Board vision is the ability to immediately take into account the whole board instead of just the portion where the action (supposedly) is. The typical board vision puzzles therefore usually involve long range pieces moving from one side of the board to the other issuing a lethal threat, or covering a vital square from way back. E.g. I have a particular tendency to overlook rooks covering some pawn horizontally (not vertically) on the other side of the board. This is a board vision error.

Board vision is to be distinguished from visualisation ability, which is "seeing" a position clearly n (particular) moves from now. A visualisation error e.g. occurs when you believe that after a chain of n moves a piece is still there covering or attacking some square when in fact it has already moved elsewhere by then. 


you should play blindfold chess to improve calculations and tactics


I asked Dan Heisman if Jeff Coakley's books of chess puzzles help with board vision And he says they do. Check them out here.

John_Doe18 wrote:

you should play blindfold 

To enhance your board vision? I lol'd.


Maurice Ashley has an app for iPhone called BC Take. It's a chess puzzle app that helps me with board vision.


Well the thing that helps me is to think after each and every move by either myself or my opponent.. A) What does that move allow me to do that I couldn't before.. and  B)What can my opponent now do that he couldn't do before?  I find doing this every move cuts down on a lot of those "oops" blunders.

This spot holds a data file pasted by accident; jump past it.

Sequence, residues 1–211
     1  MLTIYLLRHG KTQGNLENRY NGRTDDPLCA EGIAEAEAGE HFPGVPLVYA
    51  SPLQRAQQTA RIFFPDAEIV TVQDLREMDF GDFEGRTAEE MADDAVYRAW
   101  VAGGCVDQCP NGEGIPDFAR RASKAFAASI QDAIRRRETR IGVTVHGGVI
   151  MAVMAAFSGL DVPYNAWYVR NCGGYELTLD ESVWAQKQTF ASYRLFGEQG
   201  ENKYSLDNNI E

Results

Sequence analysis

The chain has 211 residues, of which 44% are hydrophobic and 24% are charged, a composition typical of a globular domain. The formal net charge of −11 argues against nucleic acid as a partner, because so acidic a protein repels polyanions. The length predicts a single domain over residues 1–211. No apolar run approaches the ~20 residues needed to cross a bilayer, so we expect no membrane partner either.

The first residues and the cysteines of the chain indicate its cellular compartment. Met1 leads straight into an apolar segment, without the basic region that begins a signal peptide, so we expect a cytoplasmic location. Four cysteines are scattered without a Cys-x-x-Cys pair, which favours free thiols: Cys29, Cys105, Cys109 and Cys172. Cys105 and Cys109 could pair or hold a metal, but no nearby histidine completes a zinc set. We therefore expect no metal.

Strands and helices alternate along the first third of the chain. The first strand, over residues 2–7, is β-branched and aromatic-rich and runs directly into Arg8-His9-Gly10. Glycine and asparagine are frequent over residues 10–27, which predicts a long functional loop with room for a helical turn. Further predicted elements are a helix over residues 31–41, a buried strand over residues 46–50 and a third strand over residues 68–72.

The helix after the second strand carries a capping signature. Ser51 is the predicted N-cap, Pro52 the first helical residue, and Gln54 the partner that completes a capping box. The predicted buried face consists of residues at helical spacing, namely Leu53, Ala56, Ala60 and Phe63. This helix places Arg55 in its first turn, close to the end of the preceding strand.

This is all excellent advice, thank you very much! I find tcorrespondance chess too long and boring and ten minute chess too short, so I generally play the half hour games, which are fun and which you all said are good for learning this type of thing. Much appreciated!




A fun way to learn board vision,... Chess Mazes.

they seem silly but are actually very educational. The idea actually a russian one used in their chess schools. Alberston has 2 books out now with them.

paulgottlieb wrote:

In the beginning, you need to force yourself to go through the same thinking process on every move:

1) Look at your opponent's last move. If he could move again, what could he do to you? Does he have any checks? Does he have any captures? Can he threaten mate? Going down this checklist should protect you from overlooking any obvious threats. You will quit just dropping pieces or getting mated by surprise

2)If there are no threats that you need to meet, look and see if you have some tactics. Do you have any checks? Can you capture anything? Can you threaten mate? Look at all these possibiities. You will start taking advantage of your opponent's blunders. You will be the one pocketing the loose pieces or surprising your opponent with an unseen mate.

3)When you have decided on a move, make the move in your mind and go through step 1) one more time--this time as a safety check. Will your opponent have any checks? Any captures?

If your move is safe, make it.

This seems like a lot to do one each move, but if you make a conscientious effort to go through this thinking process on every move, you will find that it can be done quite quickly, and will soon become instinctive

Paul, uhmmm this maybe hard for someone that is just getting their feet wet in the game, I was thinking of a desired checklist too, how about developing the thought process: familiarity concepts, and pattern recognition,